Even if we are not able like Peter to run around preaching on the streets, market squares, synagogues and churches, we can as much as we can share our meals and clothing with the poor. We can reach out to them through our friends. We can pray for peace in the world. We can visit our loved ones in hospital and stop by their sick beds for a few seconds of prayer and support! We can also forgive those who may have offended us in one way or other.  We can dispose our heart for the word of God. We can pray for those we have offended, to be merciful unto us. We can always trust in God’s benevolence, knowing that he will always shine his face upon us!

“May the Lord bless you and keep you.
May the Lord make his face shine upon you, and be gracious to you,
May the Lord lift up his countenance upon you and give you peace!”

 

 

Saturday, April 11, 2015

Homily (3) 2nd Sunday of Easter (Divine Mercy Sunday) ABC: Fr. Michael U. Udoekpo


Homily (3) 2nd Sunday of Easter (Divine Mercy Sunday) ABC: Fr. Michael U. Udoekpo
Readings: Acts 2:42-47; Ps 118:2-4,13-15,22-24; 1 Pet 1:3-9 (A); Acts 4:32-35; 1 John 5:1-6 (B); Acts 5:12-16; Rev 1:9-11a, 12-13,17-19 (C) and John 20:19-31(ABC)

Christ: Conduit of Divine Mercy!

Today the Church celebrates “Divine Mercy Sunday” commemorating Jesus’ revelations to Saint Faustina on the Divine Mercy. Pope John Paul II granted this Feast to the Universal Church on the occasion of his raising Sr. Faustina, a young Polish woman to Sainthood on April 30, 2000 and was decreed to be celebrated on the 2nd Sunday of Easter.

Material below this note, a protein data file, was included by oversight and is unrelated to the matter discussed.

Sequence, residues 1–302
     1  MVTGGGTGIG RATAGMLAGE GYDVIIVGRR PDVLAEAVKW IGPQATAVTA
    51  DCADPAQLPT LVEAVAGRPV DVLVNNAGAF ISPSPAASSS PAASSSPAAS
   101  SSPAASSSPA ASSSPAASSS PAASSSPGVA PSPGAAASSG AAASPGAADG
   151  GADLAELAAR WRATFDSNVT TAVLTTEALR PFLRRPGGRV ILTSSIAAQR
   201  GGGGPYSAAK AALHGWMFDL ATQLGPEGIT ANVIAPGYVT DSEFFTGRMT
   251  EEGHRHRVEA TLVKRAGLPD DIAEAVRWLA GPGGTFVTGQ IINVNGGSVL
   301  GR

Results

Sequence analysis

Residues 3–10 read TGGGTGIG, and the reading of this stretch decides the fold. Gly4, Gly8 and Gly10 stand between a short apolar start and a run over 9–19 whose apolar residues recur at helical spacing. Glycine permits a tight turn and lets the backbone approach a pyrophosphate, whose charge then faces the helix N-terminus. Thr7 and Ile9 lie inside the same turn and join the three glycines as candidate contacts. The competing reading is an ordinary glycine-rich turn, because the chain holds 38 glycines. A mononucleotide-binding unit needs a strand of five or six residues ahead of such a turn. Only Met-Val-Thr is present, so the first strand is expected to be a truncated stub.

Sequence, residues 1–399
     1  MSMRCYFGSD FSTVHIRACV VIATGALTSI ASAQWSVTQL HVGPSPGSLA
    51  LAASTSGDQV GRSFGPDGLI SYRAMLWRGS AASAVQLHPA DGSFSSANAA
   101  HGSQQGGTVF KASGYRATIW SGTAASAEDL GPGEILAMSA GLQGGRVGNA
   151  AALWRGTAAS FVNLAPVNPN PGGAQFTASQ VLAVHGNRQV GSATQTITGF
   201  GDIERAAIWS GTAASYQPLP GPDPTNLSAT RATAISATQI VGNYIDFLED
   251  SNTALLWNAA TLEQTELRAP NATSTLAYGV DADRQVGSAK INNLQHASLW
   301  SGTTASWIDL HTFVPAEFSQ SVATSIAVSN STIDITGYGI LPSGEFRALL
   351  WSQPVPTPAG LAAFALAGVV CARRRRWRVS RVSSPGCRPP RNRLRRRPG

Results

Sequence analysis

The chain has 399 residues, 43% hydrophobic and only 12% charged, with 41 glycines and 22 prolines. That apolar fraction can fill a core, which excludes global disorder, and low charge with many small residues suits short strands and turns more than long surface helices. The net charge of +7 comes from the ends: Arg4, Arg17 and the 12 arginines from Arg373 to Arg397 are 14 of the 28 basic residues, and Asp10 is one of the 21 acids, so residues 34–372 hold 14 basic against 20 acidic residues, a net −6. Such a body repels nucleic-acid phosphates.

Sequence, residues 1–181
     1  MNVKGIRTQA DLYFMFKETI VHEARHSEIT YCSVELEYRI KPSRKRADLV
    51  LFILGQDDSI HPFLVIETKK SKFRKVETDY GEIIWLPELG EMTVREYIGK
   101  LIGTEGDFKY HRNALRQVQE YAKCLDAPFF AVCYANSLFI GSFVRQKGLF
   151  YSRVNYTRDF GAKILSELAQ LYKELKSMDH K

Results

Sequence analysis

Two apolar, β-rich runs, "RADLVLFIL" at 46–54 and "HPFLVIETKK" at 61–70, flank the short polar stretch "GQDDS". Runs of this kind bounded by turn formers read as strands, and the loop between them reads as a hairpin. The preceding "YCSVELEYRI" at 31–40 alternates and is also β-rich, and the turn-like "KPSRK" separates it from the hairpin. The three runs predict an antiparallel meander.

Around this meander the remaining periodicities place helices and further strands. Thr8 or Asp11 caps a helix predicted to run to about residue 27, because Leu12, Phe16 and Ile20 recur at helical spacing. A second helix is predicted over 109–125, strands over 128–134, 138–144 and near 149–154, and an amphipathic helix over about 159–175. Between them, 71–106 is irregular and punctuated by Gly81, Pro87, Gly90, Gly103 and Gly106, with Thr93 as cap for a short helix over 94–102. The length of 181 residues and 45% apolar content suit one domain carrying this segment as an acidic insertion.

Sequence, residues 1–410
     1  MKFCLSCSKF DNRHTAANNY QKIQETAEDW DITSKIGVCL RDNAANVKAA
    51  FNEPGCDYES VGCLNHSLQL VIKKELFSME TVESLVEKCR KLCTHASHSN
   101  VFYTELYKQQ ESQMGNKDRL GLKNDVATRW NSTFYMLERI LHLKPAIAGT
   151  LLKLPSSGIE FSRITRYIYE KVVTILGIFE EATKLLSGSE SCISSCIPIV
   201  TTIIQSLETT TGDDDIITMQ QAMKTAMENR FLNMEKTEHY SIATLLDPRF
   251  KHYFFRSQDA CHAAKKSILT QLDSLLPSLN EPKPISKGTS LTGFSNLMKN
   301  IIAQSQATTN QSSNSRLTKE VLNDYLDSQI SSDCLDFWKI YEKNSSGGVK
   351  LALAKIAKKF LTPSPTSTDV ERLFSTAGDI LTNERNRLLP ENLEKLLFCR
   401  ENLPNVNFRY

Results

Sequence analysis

It is a teaching Sunday that invites us to embrace Christ’s enthronement on the Cross, his Resurrection and his multiple appearances to his seemingly disillusioned and doubting disciples  as nothing, but acts of love and divine mercy towards us. Christ went to the cross freely to save us! (Song- "all the way to Calvary... went for us..."). Peter in the Second reading, particularly of Year A recognizes this when he says:

“Blessed be the God of our Lord Jesus Christ, who in his great mercy gave us a new birth to a living hope through the resurrection of Jesus Christ from the dead” (1 Pet 1:3-9).

Christ’s disciples particularly those who lived through the events of Palm Sunday to Easter needed the power of Christ’s Peace to calm their fears and be strengthened in the supernatural gifts of faith and fortitude through the Holy Spirit., wherever they were hiding for fear of the "Jews."

I am sure we still recall the other day, in Luke Chapter 24: 13-35, at Emmaus, when Jesus walked besides Cleopas and his friend on their return from Jerusalem, clouded in sad conversation they did not recognized Jesus until the Risen Christ spent time breaking bread with them. Besides, walking with his disciples, or breaking bread with them, he ate baked fish with them (Lk 24:35-48) during other appearances. He also gave them encouraging instruction by the beach at the Sea of Tiberias (John 21:1-14)

In today’s Gospel, John 20:19-31  read in years ABC, the Risen Lord appears to the restless and frightened disciples with blessings of Peace (Shalom)! He breathed on them and commissions them on a preaching mission with the power to forgive sins, “whose sins you forgive are forgiven them and whose sins you retain are retained” (Jon 20:23).